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Should we be concerned about the increasing concentration of ownership in the British press?
Concentration of ownership is a widely discussed issue in today’s society and has been looked and written about by a wide number of people.
Colin Seymour-Ure tells us that “Concentration is normally measured by number of newspaper titles or market share.” (1997, 118) Ownership concentration depends on the control of leading press groups, also how their market shares affect certain aspects.
In 1945 there was a lot of speculation about the increases of shares in the newspaper market. Curran explains that “Between 1947 and 1989, the three leading press groups increased by over one-third their share of the newspaper market.” (1997, 77) Therefore the situation occurring is the narrowing of ownership; this was said to be a concern for the Royal commission in 1947. Snoddy says,
“In 1947 the main motivation for a Royal Commission was a fear that a small number of proprietors were gaining too much power over too many newspapers.” (1992, 74)
In the early days of ownership it was pointed out that people such as Lord Rothermere, Lord Beaverbrook and Lord Kemsley had the power to distort the news, it was also concern about their ‘monopolistic tendencies’. But Press Ownership does not seem to have moved away from the ideal of power and the use of politics in today’s society, we still have what can be known as ‘Press Barons’. Seymour-Ure talks of these such people in the following quote, “Media of all kinds seemed more and more to be under the control of few large international corporations, headed by brusque individualists and outsized personalities such as Rupert Murdoch, Robert Maxwell, and Conrad Black ” (1997, 118)
This quote carried on explaining that Murdoch, Maxwell and Black could be compared to Beaverbrooks and Kemsleys.
Snoddy talks about the dominance of the proprietors and how ” this has led to renewed fears about an unhealthy concentration of power in the national newspaper industry.”(1992, 117)
If we conclude the above quotes we do know that concentrated ownership has increased but we must look at the political side of it and also does it influence or even control editorial content and should we be concerned about this?
During the post war period a lot of papers seemed to be controlled by ‘interventionist proprietors’, the Daily Herald and Reynolds News, which were Labour movement papers were an example of papers that were strongly advised what editorial content should be. Curran tells us they were ” tethered to editorial line laid down by their political masters.” (1997, 72)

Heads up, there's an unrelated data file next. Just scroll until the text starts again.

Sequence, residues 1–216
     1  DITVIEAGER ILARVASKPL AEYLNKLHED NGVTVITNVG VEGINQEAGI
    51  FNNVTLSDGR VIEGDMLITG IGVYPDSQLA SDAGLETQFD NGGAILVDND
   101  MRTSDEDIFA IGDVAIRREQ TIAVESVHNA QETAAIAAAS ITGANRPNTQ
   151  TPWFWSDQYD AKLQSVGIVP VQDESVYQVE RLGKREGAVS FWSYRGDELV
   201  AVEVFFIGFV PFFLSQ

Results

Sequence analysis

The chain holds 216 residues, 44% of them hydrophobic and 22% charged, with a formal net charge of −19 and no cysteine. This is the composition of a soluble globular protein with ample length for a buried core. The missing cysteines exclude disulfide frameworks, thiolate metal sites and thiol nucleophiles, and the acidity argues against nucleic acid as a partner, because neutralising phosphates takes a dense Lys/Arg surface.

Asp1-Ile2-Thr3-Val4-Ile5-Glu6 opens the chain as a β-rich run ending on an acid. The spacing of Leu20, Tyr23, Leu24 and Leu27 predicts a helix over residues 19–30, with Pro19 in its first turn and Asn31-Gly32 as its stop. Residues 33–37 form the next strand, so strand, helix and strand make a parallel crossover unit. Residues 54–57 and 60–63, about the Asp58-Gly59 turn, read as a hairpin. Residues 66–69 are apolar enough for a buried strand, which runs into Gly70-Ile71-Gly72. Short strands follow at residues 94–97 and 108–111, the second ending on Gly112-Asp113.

In 1959 there was a stronger authority of editorial control, this was when Lord Thomson acquired the Kemsley Empire in 1959 and The Times in 1969. From a quote in Power without Responsibility we can see he publicly declared ” I do not believe that a newspaper can be run properly unless its editorial columns are run freely and independently by a highly skilled and dedicated professional journalist.”
(1997, 72) Harold Evans backed up this statement by saying that he could only recall one time in fourteen years as being editor that Lord Thomson politically guided him.
During the 60’s and early 70’s the interventionist proprietors less controlled Fleet Street, and there seemed less hierarchical difference between the proprietors and editors. 1974 again showed us a change in the structure, as there were a new generation of interventionist proprietors appearing, such as Rupert Murdock and Lord Matthews.
In 1974 Murdock decided that he would change his papers over to right wing as that is what he himself believed, this decision was made even though half of his readers were Labour supporters at the time. Murdoch carried on to develop The Sun into a supporting Thatcherite paper even though that was against reader’s opinions. Curran quotes “Only 40 per cent of whom supported the conservatives even in the 1987 general election” (1997, 73). The Sun carried on with it’s support of right wing policies right until 1997 when it did support New Labour but even then stayed following new right policies.
Lord Matthews also had great influence in the political side of his papers he sacked editor Peter Grimsditch so that he could move his paper over to the Tories. Curran tells us that Lord Matthews believed “By large editors will have complete freedom, as long as they agree with the policy I have laid down.”